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To Strip or Not to Strip
At some point, every modeler needs to take the paint off of a model. Even with the amazing variety of products available today, sometimes to get the train you want, you have to start with one painted for something else.
You might be afraid to strip paint from a model because you probably know that not all plastics and paints react the same way to some paint strippers. You might also look unfavorably on using harsh chemicals and the odors they produce.
Settle your fears. The process of stripping paint is very simple once you find the right combination. And, you do not have to worry about the fumes if you take proper safety precautions.Continue to 2 of 4 below.
02 of 04
The first question that always gets asked about stripping paint is which paint stripper to use. There are several options and the good news is that many of them are inexpensive, easy to acquire, and very unlikely to cause any harm to most plastics.
Isopropyl alcohol, window and "pine" general-purpose cleaners, and brake fluid are all common household products that perform like paint strippers that have been used by model railroaders with success for years. Of course, there are also a variety of actual paint strippers on the market. Most of these have the same active ingredients as those other materials just in greater concentration or without the other additives.
So how do you know which one is right for your project? Well if you have never paint stripped before, you can start by asking around to see what has worked for others on similar models. Some brands are known to react better to some strippers than others. Here are some other tips to protect your models:
- Start with the least volatile option: 91 percent or 99 percent isopropyl alcohol is unlikely to do any damage to most of the plastics used in model trains. Window cleaners are a close second. If these simple solutions do not work, you can step it up to something stronger.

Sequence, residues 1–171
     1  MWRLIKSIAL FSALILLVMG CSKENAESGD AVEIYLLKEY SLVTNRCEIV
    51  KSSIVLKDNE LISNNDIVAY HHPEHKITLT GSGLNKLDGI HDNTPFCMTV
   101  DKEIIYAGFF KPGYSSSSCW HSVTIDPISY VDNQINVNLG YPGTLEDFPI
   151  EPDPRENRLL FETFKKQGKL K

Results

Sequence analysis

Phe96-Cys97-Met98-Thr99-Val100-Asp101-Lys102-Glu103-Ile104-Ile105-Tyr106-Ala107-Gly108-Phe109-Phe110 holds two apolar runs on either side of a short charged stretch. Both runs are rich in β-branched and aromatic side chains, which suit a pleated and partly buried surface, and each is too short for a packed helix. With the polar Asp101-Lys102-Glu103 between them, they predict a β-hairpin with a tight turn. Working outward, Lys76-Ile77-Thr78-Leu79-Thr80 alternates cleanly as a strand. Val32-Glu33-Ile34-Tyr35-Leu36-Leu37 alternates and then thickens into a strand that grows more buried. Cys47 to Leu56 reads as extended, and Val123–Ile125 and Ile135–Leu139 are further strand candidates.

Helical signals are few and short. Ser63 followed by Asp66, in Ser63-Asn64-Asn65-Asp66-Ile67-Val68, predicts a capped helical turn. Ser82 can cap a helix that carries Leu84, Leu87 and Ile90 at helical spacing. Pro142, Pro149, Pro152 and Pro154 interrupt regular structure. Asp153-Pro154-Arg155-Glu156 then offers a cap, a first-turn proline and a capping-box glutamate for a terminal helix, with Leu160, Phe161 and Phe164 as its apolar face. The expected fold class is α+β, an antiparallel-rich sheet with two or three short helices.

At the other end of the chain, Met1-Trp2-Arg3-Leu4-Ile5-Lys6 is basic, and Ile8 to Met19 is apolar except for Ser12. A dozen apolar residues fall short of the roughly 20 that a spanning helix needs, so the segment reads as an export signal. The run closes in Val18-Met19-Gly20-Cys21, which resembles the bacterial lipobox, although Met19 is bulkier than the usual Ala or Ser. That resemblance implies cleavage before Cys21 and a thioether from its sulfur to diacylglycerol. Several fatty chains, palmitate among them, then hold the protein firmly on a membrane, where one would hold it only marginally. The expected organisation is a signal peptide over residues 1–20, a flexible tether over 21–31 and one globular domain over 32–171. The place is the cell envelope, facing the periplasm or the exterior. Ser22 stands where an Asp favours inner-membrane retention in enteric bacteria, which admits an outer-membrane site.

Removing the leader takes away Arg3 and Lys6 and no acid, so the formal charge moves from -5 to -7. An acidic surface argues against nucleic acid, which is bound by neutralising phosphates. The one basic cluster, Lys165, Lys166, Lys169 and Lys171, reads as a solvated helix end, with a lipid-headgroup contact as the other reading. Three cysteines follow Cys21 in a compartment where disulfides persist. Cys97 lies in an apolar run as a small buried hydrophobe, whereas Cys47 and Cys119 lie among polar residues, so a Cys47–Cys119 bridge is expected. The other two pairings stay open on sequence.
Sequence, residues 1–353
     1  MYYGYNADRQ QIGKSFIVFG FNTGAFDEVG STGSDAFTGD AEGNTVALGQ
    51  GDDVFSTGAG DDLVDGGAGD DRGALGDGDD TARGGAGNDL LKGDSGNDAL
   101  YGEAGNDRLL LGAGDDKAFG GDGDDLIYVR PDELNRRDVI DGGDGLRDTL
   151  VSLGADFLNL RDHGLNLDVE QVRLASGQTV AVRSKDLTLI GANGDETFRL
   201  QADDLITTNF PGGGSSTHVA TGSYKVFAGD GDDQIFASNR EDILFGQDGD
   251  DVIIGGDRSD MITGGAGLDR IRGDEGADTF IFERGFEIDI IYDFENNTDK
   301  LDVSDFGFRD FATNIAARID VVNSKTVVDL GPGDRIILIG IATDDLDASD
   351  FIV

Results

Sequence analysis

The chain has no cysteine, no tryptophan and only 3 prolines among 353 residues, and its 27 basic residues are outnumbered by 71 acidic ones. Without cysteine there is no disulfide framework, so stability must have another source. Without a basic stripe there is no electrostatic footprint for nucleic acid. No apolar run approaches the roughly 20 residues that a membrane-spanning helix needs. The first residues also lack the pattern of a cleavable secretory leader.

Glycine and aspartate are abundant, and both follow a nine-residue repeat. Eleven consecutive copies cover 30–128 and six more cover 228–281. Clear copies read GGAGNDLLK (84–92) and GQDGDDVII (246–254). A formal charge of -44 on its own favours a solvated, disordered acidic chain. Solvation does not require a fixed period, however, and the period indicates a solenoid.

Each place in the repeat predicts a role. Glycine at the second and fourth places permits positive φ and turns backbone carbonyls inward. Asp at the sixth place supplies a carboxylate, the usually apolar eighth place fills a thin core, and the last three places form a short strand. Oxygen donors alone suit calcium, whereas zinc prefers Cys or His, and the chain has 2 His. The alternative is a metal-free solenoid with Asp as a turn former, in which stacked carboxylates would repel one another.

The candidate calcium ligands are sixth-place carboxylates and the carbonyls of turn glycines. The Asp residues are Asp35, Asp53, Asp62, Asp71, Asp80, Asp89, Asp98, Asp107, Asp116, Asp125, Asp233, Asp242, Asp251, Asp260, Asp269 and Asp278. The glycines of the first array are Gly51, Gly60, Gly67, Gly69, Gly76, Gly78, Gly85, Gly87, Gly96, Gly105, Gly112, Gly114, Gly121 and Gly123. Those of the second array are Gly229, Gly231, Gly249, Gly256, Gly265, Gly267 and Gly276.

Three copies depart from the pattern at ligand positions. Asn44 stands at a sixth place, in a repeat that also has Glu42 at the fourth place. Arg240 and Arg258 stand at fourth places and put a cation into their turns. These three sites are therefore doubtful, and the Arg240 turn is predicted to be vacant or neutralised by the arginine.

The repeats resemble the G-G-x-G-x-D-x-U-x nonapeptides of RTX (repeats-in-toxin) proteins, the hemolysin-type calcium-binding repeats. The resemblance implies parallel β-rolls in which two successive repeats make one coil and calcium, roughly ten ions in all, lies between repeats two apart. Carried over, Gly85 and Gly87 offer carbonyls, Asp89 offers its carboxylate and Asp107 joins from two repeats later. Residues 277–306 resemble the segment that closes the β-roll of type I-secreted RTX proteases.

- Observe: You may not notice any changes immediately, but it is good to perform this work when you have a few hours and can check it frequently.
- Avoid long soaks: For every story of a model "forgotten" in a bath of stripper that has been just fine, there is a horror story of a model that melted or turned brittle.
- Test first: Test the stripper on a part of the model that will not be seen just in case. This might be the interior of the shell or the plastic sprue it was attached to.
- Wash after stripping: After you have stripped the model, wash in warm soapy water to remove any paint stripper residue.
Always remember when it comes to working with chemicals: safety first. Even if you are using the least-toxic chemicals, the smell of concentrated alcohol or cleaner can be overpowering. It is always best to strip paint in a well-ventilated area. Eye protection is a good idea just to be on the safe side once you start scrubbing. You will want to keep anything else that can be damaged by the stripper, like other models on the workbench, safely away too.
Other Materials You Need
In addition to the stripper, you will need a few basic supplies to get started:
Continue to 3 of 4 below.
- Plastic tub, preferably with a lid
- Plastic gloves
- Eye protection
03 of 04
Removing the Paint
If you want to take the lettering off of a model, you can work locally on the letters with a decal setting solution. This is also a good way to test how quickly the paint comes off the model with total immersion.
Begin by placing the model in a plastic container and submerging it completely in the stripper. The closer in size your container is to the model the better. Most strippers will take at least a few minutes to start working. Have a lid handy that you can place over the container that will help control the odors. Keep an eye on the model. After about 15 minutes, if you have not noticed any change, go ahead and test the results. To test it, don gloves, remove the model from the bath and gently scrub with a toothbrush. If the paint starts coming off, you have found a good match and can keep going until the model is clean. If it has not started to strip yet, or if it is taking a lot of effort to remove the paint, then put the model back in the bath. Try again in another 15 minutes.
If the model shows no signs of stripping after an hour in the bath, there is a good chance you are not going to have any luck with this stripper even with a long soak. Try something a little stronger.
It is not uncommon for the stripper to take off the top layer of paint—usually the lettering—much faster than the other layers. If you have a locomotive with a simple paint scheme, this may be enough.Continue to 4 of 4 below.
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Now that the paint is off, you will want to clean up the model. Wash it completely in warm water with just a little soap. This will remove any residual stripper which could prevent a good application of paint or, over time, damage the model.
It is a good idea to continue to wear protective gloves through this process. Not only are you protecting your hands, but also keeping fingerprints off of the model.
If you are not ready to paint the model right away, it is a good idea to place it in a clean place where it will not get dusty.
A good rule of thumb to remember: No two models are the same. Even models from the same manufacturer can sometimes react differently. Experience helps, but the only way to get that is to keep trying. Take your time and you will never have to wait for your favorite paint scheme to be announced again. Take matters into your own hands, strip existing paint, and paint away.